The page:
In preparation for a trip to the Caribbean this Christmas, I am posting recipes for a few of Bean’s favourite foods. Today, Ratatouille. I got the recipe from Annabel Karmel and added corn

  • 2 tbs olive oild
  • 1 red onion (i used white)
  • 1 garlic clove (i used 2)
  • 1 small red pepper and one small green seeded and diced
  • 1 courgette trimmed and diced
  • 14oz can chopped tomatoes
  • pinch of sugar
  • 1 tsp red wine vinegar
  • s&p

Heat oil in large saucepan. cook oion and garlic 1-2 mins. Add peppers and courgette cook 4-5 mins. Add aubergine and cook 5 mins. Stir in tomatoes sugar and red wine vinegar, bring to simmer and then cook 10 min.

I served it once on it’s own and once over pasta with some grated Parmesan cheese. Yum.


Paddling Pool in Meguro

July 13, 2008

Today we raced out after Bean’s nap to go swimming in Meguro. There is a 25 m indoor pool, a 50 m outdoor pool and a paddling pool for toddlers. It costs 200 yen (about 2$) to get into the big pool and 100 yen to get into the paddling pool. One attendant is free with a child, so for Bean, Kook and me it was 200 yen. There’s a lovely slide and there are two parts depths in the pool. Bean was able to crawl around in the shallow area and could stand in the deep area.

Sorry no pics as I forgot my camera at a friend’s place. But here is a link to details on the pool…

Bean’s Favourite Foods

July 10, 2008

We are preparing for a trip home and so I need to make note of and share our little Bean’s favourite foods.

Miso Soup – We make the dashi using Bonito flakes and Kombu and cook carrots, pumpkin, potato, zucchini and onion to cook in the broth. At the end, add the miso paste, tofu and seaweed.

Grilled fish- miso cod, sea bream (tai), cod (tara), sea bass (suzuki).

Fish fingers in cornflakes (not Japanese, but yummy) – marinate the fish in lemon juice, oil and chopped shallot, dip in egg and milk, then cornflakes. Fry in butter (don’t overcook). She likes the chopped into small pieces.

Pumpkin, broccoli, carrot and zucchini in a cheese sauce (melt butter, add flour, fry then add cheese).

Quinoa and pumpkin balls – steam pumpkin (and carrot), fry onions and garlic, add to quinoa with some tofu. Make balls for finger food (can be baked to harden the balls).

Brown rice with hijiki seaweed, green onions, carrot and fried tofu simmered in dashi.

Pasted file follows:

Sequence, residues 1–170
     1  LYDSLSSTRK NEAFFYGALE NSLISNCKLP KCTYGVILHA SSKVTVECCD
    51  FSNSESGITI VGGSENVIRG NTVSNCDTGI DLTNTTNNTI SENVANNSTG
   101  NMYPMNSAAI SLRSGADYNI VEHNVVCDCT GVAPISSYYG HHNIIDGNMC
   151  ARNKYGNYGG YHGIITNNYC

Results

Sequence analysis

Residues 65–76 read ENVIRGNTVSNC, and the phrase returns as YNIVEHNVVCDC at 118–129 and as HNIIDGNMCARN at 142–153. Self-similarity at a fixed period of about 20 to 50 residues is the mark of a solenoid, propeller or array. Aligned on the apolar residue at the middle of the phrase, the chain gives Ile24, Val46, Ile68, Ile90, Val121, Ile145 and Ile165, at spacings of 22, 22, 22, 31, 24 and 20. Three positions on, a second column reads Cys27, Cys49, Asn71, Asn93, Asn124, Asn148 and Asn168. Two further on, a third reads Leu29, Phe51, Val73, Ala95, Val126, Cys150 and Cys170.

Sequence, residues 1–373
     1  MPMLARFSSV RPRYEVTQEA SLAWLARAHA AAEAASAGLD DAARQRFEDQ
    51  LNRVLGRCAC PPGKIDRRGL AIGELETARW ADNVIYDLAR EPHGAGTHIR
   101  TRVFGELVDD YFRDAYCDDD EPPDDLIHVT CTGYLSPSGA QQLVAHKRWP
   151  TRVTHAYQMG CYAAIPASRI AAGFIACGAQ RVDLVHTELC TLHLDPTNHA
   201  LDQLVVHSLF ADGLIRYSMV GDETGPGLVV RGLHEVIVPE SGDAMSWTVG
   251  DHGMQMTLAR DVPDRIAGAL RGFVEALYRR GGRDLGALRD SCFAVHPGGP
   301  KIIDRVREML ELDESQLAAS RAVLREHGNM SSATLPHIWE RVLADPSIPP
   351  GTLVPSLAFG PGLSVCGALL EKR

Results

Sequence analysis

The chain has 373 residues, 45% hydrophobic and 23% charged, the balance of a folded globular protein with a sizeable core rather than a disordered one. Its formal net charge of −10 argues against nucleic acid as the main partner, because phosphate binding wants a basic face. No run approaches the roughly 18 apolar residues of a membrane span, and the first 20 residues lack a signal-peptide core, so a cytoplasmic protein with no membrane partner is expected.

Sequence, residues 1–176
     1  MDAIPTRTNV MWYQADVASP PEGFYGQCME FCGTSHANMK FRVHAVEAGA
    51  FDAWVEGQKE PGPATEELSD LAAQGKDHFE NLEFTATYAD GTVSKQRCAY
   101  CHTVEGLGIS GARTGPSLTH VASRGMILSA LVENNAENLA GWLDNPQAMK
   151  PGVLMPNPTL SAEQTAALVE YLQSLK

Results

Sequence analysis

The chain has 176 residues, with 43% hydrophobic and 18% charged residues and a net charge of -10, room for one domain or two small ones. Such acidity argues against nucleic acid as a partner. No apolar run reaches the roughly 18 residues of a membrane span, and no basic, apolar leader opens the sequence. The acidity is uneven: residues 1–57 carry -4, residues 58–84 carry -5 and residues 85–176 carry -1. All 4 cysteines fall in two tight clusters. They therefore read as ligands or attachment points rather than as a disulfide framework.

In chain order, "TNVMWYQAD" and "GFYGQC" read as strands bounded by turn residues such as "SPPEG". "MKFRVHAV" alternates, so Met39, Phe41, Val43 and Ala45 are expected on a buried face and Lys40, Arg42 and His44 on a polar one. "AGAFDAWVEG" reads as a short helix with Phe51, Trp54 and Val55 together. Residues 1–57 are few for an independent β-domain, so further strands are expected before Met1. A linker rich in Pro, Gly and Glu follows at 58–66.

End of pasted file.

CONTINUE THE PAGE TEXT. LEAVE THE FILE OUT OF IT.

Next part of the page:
We went to Shimoda this weekend, a beach area just 2 and half hours south of Tokyo. We took the Superview Odoriko which has a play area for kids. (Get your ticket for a seat in car 9 or 10 (green car)). The play area is in car 10. It is a bit run down but great for kids to run around and have space to move. There’s also a nursing room and a changing table.

We stayed at the Sakuraya Pension in Shirahama. The owner is fantastic and speaks perfect English. He had loads of suggestions for us on what to do during our stay and was incredibly kind to us. The pension is up a steep hill. We took a taxi from the station (10 minutes and about 2000 yen). The pension was 5800 yen a night per person including breakfast.

Everywhere we ate we had tatami mat seating which is much easier for kids and they staff always came out to entertain our bean and also gave us a bowl and spoon for her to use.

We spent Saturday morning on the beach and our bean slept 2 hours! We swam and lay in the sun and relaxed. Heaven. The water was too cold for her but we enjoyed it. The Japanese think we’re crazy to go swimming already. We were there in late June and the season doesn’t start until mid-July. Be warned – it’s a short season – August the waters are full of jellyfish!

We went for a nice walk to an old lighthouse. A nice 2-3 hour walk. Not rigourous and well marked. Not stroller friendly but easy for a confident walker or a baby in a carrier

Banana Holder Japan

September 25, 2007

When we moved to Tokyo, we received a book of useless inventions from Japan. We came across our very own useless invention at the grocery store recently – a plastic banana holder. Somehow the item seems a bit rude…
Banana Holder Japan

Happo-en Horn Hider

September 20, 2007

We visited the lovely Happo-en gardens recently. After a wonderful lunch, we visited the tea room for some whipped ocha and sweets and wandered around the gardens. Weddings are big business in Tokyo and Happoen is a popular spot for celebrations. We asked our Japanese hosts the significance of the womans hat. The story is too good… It’s called “tsuno kakushi” or “horn hider”. As you’d expect – it is a hat to hide the woman’s horns from her betrothed until after the ink is dry.

The gardens feature bonsai that are hundreds of years old sprinkle the pathways (see picture of Kenn and bonsai below). Being from Canada I always think of ancient trees as being enormous. Of course, not so with bonsai. The pond features enormous yellow, white and orange carp.

BonsaiĀ Happo-en

Charlotte Lois Hanako Cukier

September 2, 2007

Thursday morning at 4 AM Tokyo time, Charlotte Lois Hanako Cukier made a rapid arrival in the world. Weighing 3.96 kilos and 52 cm long, she is lovely and healthy and we are all doing fine. Kenn’s website has some more photos as well as an explanation of her Japanese name, Hanako.